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Here's a taylor series problem I've been working on. I'll list a few steps to the problem and tell you guys where I'm getting stuck. Thanks in advance for the help.

So my questions builds off the fact that

$ e^x = \sum_{n=0}^{\infty}\frac{x^n}{n!}$

and we are asked to find the taylor series of the following function:

$f(x) = (2x-3)\cdot e^{5x}$ around a = 0

So I first decided to calculate the taylor series for $e^{5x}$ by generating a few terms and noticing the pattern. I then found the following series to represent $e^{5x}$

$ e^{5x} = \sum_{n=0}^{\infty}\frac{5^n}{n!} \cdot x^n$

Next I know I must multiply this series by (2x-3) somehow so I begin like this:

$(2x-3) \cdot \sum_{n=0}^{\infty}\frac{5^n}{n!} \cdot x^n$

$\sum_{n=0}^{\infty}\frac{(2x-3)5^n}{n!} \cdot x^n$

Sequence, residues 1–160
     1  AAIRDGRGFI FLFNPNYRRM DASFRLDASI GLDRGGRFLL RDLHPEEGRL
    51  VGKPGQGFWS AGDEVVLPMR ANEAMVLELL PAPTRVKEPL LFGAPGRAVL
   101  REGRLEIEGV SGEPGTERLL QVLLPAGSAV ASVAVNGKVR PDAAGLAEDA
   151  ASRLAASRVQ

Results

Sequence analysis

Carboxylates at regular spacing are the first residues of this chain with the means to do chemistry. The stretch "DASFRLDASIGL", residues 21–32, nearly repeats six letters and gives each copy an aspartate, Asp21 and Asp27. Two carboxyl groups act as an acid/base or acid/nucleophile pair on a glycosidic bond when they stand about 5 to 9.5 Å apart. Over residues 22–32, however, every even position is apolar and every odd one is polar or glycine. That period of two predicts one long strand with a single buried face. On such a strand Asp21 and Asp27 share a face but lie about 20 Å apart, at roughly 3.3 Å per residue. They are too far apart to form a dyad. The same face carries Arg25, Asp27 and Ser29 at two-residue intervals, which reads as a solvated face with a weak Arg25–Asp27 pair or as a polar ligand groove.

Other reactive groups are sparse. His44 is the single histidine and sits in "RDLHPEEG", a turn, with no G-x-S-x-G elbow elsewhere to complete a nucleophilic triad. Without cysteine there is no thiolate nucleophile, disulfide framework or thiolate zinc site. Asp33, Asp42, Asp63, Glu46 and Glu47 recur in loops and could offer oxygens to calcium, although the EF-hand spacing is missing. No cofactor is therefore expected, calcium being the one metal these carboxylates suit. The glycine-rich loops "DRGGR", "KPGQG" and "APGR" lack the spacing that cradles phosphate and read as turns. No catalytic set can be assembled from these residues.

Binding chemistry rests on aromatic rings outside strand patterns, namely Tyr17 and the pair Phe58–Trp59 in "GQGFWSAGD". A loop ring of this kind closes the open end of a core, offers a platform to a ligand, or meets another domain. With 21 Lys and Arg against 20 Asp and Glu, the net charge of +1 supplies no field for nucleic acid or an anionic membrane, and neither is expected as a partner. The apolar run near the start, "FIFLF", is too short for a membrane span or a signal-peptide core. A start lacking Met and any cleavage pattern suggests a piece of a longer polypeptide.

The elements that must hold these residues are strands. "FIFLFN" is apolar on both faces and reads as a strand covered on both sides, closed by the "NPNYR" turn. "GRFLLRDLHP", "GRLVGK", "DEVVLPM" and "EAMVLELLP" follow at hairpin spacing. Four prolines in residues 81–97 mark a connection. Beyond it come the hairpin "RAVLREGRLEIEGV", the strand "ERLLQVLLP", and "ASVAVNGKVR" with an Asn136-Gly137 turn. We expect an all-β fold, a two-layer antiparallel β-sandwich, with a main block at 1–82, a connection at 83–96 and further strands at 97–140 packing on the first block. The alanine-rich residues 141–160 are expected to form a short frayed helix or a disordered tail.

My problem with this answer is that it's not in the correct form for a taylor series and must be in the form:

$\sum b_n \cdot x^n$

Does anyone know the type of manipulations I must do to convert my result to the correct form?

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2 Answers 2

up vote 4 down vote accepted

The Taylor series for $e^{5x}$ can be obtained without generating a few terms and noticing a pattern. Just use the fact that $e^t$ has Taylor series $$e^t=1+t+\frac{t^2}{2!}+\frac{t^3}{3!}+\cdots$$ and let $t=5x$.

As for the Taylor series of $(2x-3)e^{5x}$, suppose that you know that the Taylor series of $f(x)$ is $a_0+a_1x+a_2x^2+\cdots$. Then the coefficient of $x^n$ in the Taylor series for $(2x-3)f(x)$ is $2a_{n-1}-3a_n$. We need to make a minor adjustment for the constant term.

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Distribute and then recollect terms. $$(2x - 3)\sum_n \frac{(5x)^n}{n!} = 2x \sum_n \frac{(5x)^n}{n!} - 3 \sum_n \frac{(5x)^n}{n!}$$$$ = \sum_{n=1}^\infty \frac{2 \cdot 5^{n-1}}{(n-1)!} x^n - \sum_n \frac{3 \cdot 5^n}{n!} x^n$$ $$ = 3 + \sum_{n=1}^\infty \frac{2n \cdot 5^{n-1} + 5^n}{n!} x^n$$

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how did you get from step 1 to step 2, its a bit confusing where the n-1 is coming from –  Math_Illiterate Apr 30 '12 at 11:54

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